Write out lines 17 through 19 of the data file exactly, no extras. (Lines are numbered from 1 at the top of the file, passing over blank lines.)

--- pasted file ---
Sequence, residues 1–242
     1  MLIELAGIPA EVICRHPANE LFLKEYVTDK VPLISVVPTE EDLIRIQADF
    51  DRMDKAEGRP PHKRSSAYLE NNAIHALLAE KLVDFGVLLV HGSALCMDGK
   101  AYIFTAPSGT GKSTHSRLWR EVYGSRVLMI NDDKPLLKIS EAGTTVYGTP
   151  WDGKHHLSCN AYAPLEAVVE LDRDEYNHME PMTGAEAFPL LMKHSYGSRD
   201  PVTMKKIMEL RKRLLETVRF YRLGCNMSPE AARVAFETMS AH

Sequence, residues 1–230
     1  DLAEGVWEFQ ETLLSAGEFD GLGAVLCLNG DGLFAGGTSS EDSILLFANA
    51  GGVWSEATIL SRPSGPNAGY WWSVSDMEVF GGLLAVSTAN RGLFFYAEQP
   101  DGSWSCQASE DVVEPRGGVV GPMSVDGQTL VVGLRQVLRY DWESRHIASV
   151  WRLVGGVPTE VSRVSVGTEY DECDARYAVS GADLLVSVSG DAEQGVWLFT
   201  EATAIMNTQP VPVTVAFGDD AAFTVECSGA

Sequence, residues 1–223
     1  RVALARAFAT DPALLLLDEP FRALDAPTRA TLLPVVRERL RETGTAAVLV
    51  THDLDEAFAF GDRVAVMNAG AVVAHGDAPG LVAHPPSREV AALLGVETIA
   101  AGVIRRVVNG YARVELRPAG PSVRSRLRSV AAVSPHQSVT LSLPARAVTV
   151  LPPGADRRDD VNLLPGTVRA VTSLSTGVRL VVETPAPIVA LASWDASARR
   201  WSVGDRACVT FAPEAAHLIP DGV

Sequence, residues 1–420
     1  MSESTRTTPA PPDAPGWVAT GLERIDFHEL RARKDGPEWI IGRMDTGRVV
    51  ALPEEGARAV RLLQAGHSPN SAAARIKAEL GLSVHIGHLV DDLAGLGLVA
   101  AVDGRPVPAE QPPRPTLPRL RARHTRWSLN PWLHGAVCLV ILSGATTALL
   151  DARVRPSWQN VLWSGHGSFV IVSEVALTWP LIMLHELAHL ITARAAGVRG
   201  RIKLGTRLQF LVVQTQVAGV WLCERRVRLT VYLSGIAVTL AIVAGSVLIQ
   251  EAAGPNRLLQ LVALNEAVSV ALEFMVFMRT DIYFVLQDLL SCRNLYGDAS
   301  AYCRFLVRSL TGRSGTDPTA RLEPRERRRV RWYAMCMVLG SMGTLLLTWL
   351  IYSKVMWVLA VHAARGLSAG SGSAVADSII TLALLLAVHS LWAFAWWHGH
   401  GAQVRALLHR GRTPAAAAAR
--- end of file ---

   151  LPPGADRRDD VNLLPGTVRA VTSLSTGVRL VVETPAPIVA LASWDASARR
   201  WSVGDRACVT FAPEAAHLIP DGV

Sequence, residues 1–420